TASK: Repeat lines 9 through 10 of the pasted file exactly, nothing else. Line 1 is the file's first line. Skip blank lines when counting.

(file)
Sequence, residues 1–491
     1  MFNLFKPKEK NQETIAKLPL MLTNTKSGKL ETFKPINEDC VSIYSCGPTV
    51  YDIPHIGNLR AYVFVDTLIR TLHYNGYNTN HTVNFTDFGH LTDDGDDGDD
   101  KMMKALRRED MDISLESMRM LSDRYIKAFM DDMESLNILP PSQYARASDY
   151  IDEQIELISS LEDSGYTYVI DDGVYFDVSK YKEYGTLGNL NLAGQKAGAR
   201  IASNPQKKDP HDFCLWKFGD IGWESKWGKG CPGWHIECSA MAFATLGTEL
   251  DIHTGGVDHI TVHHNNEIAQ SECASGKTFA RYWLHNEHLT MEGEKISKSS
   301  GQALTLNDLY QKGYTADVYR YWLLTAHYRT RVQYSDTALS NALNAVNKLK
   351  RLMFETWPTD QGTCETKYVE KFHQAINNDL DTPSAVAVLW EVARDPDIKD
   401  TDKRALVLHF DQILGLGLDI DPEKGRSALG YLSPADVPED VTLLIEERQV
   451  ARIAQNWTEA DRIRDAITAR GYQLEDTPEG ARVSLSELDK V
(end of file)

   351  RLMFETWPTD QGTCETKYVE KFHQAINNDL DTPSAVAVLW EVARDPDIKD
   401  TDKRALVLHF DQILGLGLDI DPEKGRSALG YLSPADVPED VTLLIEERQV